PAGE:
Working at a Title 1 school in a low-income district in Stockton, California, I knew many of my students relied on the school meal program as the primary source of nutrition and possibly even the only meal they would eat each day. Families with limited food dollars often lack the means to secure nutritious foods. Even with free meals provided by drive-through school foodservice, many of my students’ families didn’t have reliable transportation to pick up the free meals that were available.
Simple Classroom Solutions to Improve Food Equity
Prior to the pandemic, I had students complete a nutrition activity in which they listed what they had eaten for dinner. One student was struggling with the activity and getting very frustrated. I found that he couldn’t complete it because his family didn’t have any food for dinner the night before. It was then that I realized the delicate balance between nutrition education and food access. As educators, we can teach kids to eat healthfully, but it’s more effective when they have access to healthful foods. To ensure students are supported, education is not enough. It is also important to help connect families to the many food resources that are available to ensure they have access to healthy foods at home.
While it may seem daunting, just a little bit of creativity can provide a food solution for students. This past school year, I was able to coordinate directly with parents of my students who were unable to pick up their free meals due to transportation issues. I started personally delivering the free meals to their houses so families would have the food they so desperately needed. I’ll never forget the experience, and I am grateful to have helped my student families in such a meaningful way.
As teachers return to the classroom this fall, in-person teaching allows for added opportunities. Creating a “share bin” is an easy way to turn food waste into shareable snacks for kids in need. Bins are simply set up in the cafeteria or classroom for students to place unopened, non-perishable food items that would otherwise be thrown out. These bins are open and made available to all students, allowing them to select foods from the bin to eat or take home, no questions asked.
I also like to keep clementine oranges and other small snacks in my classroom for children that may come to school hungry or arrive too late for the school breakfast program. Giving kids something healthy—as simple as a carton of milk—before starting the school day provides nourishment to get through the day, and behavior and concentration improve immensely as a result. This may be the most important work I do as a teacher—supporting my students by showing I care about their well-being while also serving as a positive role model.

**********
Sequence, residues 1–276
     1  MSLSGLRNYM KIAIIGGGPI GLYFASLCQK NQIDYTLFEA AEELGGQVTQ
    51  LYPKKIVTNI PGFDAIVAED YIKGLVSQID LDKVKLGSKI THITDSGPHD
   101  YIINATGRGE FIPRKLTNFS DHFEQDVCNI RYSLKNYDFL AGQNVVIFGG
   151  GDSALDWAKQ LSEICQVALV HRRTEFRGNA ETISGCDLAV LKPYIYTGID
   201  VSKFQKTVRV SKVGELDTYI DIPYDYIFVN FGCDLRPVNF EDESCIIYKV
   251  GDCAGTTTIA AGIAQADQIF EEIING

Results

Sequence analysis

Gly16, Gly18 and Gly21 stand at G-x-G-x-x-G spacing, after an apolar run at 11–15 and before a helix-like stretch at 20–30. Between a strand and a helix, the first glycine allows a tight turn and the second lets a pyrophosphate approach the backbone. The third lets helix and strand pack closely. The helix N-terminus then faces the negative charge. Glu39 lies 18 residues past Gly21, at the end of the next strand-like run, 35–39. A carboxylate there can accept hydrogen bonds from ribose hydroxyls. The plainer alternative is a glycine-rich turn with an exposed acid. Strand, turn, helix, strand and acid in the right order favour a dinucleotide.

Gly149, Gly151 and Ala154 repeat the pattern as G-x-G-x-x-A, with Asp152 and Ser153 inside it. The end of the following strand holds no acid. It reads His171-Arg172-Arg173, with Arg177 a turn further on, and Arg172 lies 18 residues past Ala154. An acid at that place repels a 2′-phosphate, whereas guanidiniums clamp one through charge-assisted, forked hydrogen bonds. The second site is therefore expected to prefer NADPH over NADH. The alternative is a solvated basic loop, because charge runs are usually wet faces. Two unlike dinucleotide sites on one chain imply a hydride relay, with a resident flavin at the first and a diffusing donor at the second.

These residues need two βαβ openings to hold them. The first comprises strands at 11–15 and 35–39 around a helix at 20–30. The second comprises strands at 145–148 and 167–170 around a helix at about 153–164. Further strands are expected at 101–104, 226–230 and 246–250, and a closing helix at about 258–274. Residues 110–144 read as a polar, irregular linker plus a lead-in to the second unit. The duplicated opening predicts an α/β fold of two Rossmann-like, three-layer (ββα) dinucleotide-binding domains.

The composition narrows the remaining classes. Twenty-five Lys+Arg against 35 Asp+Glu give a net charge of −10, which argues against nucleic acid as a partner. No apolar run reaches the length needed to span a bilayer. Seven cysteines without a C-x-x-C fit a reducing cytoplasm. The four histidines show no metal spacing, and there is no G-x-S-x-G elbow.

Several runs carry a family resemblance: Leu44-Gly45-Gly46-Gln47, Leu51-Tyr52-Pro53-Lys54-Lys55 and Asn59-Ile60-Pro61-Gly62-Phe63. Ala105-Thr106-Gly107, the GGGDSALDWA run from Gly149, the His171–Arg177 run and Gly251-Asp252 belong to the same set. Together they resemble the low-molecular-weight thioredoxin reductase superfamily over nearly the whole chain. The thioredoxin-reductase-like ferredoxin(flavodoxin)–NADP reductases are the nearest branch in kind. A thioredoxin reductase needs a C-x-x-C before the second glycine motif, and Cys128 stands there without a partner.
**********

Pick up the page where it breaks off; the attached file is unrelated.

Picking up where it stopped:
Nutrition Education as a Priority Subject This Fall
Back-to-school preparation includes reviewing the lessons I plan to cover, with nutrition education one of my first priorities. This is important because after a year of remote learning with decreased access to healthy food and physical activity, I know my students will need a reset. By teaching students nutrition, they are able to prioritize their health and have the knowledge they need to recognize and value healthy foods, which are essential to fueling their bodies and minds. I will be emphasizing a physical fitness component as well. All educators know that students are struggling academically from lost time in the classroom, but education is more than teaching math or English; it’s also helping students learn behaviors to support good health, which is essential as we enter this post-pandemic school year.
Sourcing information can be a challenge, which is why I love using the Let’s Eat Healthy curriculum for K-12. After a year of quarantined living and weight gain, students need support for healthier living. That is why I am encouraging all educators to join me in kicking off the new school year by teaching nutrition education and applying simple, healthy approaches that can make a significant difference in the lives of students and their families. Supporting healthier students and communities cannot be done alone, but it must start somewhere. As educators, we play a vital role in our students’ lives. By teaching nutrition education, we can get healthy together!
PE teacher Scott Brown highlights his experience in teaching nutrition education with Let’s Eat Healthy "Exercise Your Options" curriculum.
Newly revised Kindergarten, 1st and 2nd grade programs aim to help students learn, play and grow by exploring and applying key nutrition concepts.